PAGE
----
Top 5 Git Commit Message Best Practises in 2024

Top 5 Git Commit Message Best Practises in 2024

When you join a project as a new developer, you see one thing above all: no standards for Git commit messages. Some put emojis in the message, others write in the present tense, others in the past tense. But which top 5 rules for Git commit messages have actually become established in the open source community?

My Top 5

  • Title: start your commit message with a clear title that summarizes the changes introduced by the commit. The title should not be longer than 72 characters. 72 is the original convention limit, although most developers and projects recommend a limit of 50. It also named as 50/72 Message formatting.

  • Spelling: write your message in the imperative (e.g. "fix typo" instead of "fixed typo" or "fixes typo"). This is a general Git convention and is based on the assumption that your commit will be read as If applied, this commit will ... fix typos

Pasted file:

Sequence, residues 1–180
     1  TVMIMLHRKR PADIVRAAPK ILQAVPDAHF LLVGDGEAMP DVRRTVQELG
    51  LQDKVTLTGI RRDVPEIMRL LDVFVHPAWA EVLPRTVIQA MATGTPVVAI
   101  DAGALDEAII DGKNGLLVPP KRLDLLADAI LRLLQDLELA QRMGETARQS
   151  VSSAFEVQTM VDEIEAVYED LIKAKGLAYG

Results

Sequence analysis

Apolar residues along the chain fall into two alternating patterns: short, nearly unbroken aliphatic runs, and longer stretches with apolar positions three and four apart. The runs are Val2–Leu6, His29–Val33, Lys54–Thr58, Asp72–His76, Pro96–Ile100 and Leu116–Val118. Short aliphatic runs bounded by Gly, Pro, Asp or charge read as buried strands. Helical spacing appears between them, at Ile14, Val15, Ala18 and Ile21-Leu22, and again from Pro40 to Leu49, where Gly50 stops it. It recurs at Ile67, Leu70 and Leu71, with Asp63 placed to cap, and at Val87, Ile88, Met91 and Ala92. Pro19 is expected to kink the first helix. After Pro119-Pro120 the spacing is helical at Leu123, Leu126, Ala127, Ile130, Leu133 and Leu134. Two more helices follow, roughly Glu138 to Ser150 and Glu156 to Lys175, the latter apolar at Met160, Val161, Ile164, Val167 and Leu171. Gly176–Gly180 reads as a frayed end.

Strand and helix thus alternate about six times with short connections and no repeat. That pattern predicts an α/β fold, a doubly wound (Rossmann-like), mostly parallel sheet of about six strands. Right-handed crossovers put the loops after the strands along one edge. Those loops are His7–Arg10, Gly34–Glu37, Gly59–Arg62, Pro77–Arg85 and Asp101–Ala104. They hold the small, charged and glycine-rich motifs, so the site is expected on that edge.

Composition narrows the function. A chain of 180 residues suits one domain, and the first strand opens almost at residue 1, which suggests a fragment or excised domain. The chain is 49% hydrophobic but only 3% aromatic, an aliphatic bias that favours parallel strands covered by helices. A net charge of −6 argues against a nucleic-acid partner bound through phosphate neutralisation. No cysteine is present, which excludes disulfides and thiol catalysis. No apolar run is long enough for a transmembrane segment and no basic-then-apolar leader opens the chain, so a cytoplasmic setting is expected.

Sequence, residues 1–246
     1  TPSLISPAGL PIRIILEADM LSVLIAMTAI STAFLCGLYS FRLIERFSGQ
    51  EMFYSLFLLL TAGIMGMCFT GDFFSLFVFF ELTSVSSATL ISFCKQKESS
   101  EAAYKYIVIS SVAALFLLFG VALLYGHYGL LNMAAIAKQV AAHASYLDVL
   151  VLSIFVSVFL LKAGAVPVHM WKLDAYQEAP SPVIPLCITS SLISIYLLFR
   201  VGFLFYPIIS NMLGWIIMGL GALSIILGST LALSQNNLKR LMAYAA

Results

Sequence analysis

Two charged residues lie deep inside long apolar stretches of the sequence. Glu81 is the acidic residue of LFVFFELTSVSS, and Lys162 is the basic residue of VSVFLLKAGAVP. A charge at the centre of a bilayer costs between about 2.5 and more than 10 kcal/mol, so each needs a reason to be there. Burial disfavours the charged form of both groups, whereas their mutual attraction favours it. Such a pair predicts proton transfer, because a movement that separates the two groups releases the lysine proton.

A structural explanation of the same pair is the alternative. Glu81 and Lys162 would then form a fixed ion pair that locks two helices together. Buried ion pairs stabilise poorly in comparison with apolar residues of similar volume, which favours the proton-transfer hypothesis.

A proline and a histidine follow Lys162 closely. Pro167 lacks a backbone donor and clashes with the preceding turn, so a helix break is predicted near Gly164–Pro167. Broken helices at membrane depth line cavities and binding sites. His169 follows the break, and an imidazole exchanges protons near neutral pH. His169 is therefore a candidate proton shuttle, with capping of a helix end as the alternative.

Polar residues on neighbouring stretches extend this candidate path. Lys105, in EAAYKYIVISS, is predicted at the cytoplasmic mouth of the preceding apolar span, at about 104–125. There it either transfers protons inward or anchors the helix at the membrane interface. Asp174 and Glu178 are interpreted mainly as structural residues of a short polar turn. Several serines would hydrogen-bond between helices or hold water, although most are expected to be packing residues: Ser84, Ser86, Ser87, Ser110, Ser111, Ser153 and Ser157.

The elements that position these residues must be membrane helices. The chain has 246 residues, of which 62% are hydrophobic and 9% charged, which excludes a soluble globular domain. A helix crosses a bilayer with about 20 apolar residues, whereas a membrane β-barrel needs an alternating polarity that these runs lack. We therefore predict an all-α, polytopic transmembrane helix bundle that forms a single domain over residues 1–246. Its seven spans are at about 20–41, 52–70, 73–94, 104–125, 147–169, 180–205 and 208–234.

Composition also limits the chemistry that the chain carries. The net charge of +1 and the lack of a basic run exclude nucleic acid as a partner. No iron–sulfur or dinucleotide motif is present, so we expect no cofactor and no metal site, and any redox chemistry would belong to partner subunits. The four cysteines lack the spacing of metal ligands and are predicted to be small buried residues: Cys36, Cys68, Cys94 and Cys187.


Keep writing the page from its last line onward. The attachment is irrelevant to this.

• Explain: how does this commit solve a specific problem? What effects does this commit trigger? Ticket IDs should not necessarily be in commit messages, but should be referenced in the pull request.

  • No emojis: No. Leave it. Just stop. Emojis have no place in commit messages. Most tools and platforms can't display them either. If you use a tool that renders emojis in commit messages, don't be so selfish. Just no. We're not in kindergarten.

  • Optional context: leave a blank line after the title and include a more detailed description of the changes in the commit text. You can use this body to provide more information. Keep in mind, however, that a complete description of an issue does not belong in the individual Git commit message, but in the pull request.

Be nice to your fellow project members. Stick to standards.